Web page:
How one family helped save 20 dogs (and counting)
Members of the Baumgartner family lead busy lives. Taylor and Tiffany have full-time jobs, coach soccer, teach church classes and volunteer — all while raising three children under the age of 10. Rounding out the busy household is their dog, Lola, and their two senior cats, Burke and Blahnik. (Whew!)
Considering their active lives, you’d think the Baumgartners wouldn’t have time for much else, but over the last four years, they have fostered 20 dogs and one cat (more on that later) through Best Friends in Houston. Together, the family members take turns feeding, walking, cuddling and playing with every four-legged foster guest. They realized early on how special each pet is, and so they found a sweet way to remember them all. They’ve also figured out what works for them in their home with their kids and other pets. So, when they get a call to foster a dog in need, they can say yes.
A longtime commitment to helping animals
Tiffany has always felt a tug on her heart to help animals in shelters, and over the years she’s supported many animal welfare organizations in Houston and elsewhere. After learning about Best Friends back in 2018, that same year she attend a Best Friends event in Houston. That’s where she met Deyra Galvan, coordinator of community engagement for Best Friends, who encouraged her to consider fostering.
Not long after that conversation, the Baumgartners welcomed their first foster dog. The kids loved helping so much that once the first pup was adopted, they decided to foster another dog and then another. Four years later, they’re still going strong.
“Best Friends creates a special way for individuals like me to become part of the mission through fostering,” says Tiffany. “It takes time to make a difference, but every big change starts with small steps.”
An affinity for helping all dogs, especially big ones
Over the years, the Baumgartners have fostered dogs of all ages and sizes. They even fostered a cat named Luna for about a week. But if there’s one thing the family shares, it’s an affinity for helping big dogs. The help is sorely needed because large dogs need the most help in shelters in the Houston area and across the country.
“Finding foster homes for big dogs can be difficult because of stereotypes — like big dogs can’t live with cats, or (they) have a lot of energy and need an active lifestyle,” says Deyra. “By fostering big dogs, the Baumgartners are helping debunk these myths.”
Regardless of the size of the dog they’re fostering, when it comes to letting the kids help out, Tiffany and Taylor have set some strict ground rules for everyone. For example, when they first welcome new dogs to their home, the dogs get time to rest and acclimate to their new surroundings in a quiet room until they feel more comfortable. Then, the adults (gauging the dogs’ comfort level as they go) introduce the kids one at a time to the new dog so they each can slowly build a relationship with the new houseguest.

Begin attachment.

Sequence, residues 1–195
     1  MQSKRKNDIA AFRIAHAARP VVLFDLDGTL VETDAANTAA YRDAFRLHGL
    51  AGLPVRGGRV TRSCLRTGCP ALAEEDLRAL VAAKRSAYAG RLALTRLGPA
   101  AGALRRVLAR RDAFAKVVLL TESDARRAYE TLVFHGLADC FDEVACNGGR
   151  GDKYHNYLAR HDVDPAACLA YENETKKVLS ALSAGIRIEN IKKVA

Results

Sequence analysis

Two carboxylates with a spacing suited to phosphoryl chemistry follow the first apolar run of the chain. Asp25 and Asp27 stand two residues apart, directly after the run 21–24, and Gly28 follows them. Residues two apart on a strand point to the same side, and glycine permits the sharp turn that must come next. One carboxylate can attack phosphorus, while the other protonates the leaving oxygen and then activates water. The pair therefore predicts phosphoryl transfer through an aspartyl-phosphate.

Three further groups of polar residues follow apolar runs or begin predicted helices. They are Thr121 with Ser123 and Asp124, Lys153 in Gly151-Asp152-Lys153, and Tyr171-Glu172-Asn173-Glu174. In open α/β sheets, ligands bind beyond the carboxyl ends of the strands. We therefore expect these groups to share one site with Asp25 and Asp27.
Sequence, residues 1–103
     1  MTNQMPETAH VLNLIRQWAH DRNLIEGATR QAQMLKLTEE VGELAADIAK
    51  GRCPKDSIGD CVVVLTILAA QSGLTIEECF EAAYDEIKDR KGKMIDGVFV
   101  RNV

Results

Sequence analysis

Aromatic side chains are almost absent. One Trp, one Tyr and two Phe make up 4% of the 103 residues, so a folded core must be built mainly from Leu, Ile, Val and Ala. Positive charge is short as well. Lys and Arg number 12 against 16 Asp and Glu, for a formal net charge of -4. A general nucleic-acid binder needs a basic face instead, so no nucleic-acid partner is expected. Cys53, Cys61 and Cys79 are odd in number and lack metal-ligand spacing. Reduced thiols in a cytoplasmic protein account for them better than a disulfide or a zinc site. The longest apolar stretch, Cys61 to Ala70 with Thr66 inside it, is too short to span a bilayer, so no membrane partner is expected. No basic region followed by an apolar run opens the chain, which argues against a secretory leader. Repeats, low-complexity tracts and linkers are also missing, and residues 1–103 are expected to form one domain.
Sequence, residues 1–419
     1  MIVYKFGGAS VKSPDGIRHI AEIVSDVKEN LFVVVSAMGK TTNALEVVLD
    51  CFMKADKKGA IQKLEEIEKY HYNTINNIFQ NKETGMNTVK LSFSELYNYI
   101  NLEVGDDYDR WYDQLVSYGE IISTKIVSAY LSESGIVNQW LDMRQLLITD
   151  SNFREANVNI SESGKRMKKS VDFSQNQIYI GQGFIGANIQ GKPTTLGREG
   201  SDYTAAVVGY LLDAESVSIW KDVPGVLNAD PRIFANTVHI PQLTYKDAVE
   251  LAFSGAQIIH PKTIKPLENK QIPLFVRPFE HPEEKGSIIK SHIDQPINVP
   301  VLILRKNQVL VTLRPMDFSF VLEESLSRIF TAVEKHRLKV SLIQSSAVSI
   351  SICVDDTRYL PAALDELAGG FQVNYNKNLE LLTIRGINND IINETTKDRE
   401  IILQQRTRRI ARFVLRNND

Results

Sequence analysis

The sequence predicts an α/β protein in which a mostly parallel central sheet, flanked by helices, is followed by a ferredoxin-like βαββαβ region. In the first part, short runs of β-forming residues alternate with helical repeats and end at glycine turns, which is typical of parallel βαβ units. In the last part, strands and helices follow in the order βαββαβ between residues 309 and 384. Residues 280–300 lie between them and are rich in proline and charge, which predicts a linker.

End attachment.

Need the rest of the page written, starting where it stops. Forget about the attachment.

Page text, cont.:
As for the daily tasks that come with fostering, everyone helps out. “The kids take turns feeding the dogs, filling their water or changing out blankets in their crate (a favorite task of my two girls),” says Tiffany. “Our family also loves playing fetch in the yard and trying to teach the dogs how to sit, lay down and shake, with the help of treats.”
Everything that Tiffany and her family learn about the pets they foster (from favorite treats to how comfortable they feel around Lola and the cats) is documented and shared with the Best Friends caregivers. This helps them match up dogs with potential adopters.
A treasured memory book
Early on when they first started fostering, Taylor decided to surprise everyone by creating a memory book as a way to remember all their four-legged guests. It was constructed out of a photo album and inside each sleeve he placed photos and paw prints of their foster pets. Now, the Baumgartners include a photo and a paw print of every dog they foster in the book.
“Our children love flipping through the book and retelling each story,” says Tiffany, who sometimes looks at the blank pages of the memory book and gets excited knowing that someday, they will be filled with new photos and stories of pets they’ve helped save. “I love the reminder of how our family is making such a difference, one paw print at a time.”
Have room to spare?
You can help pets feel at home while they’re waiting to be adopted ― by becoming a foster volunteer.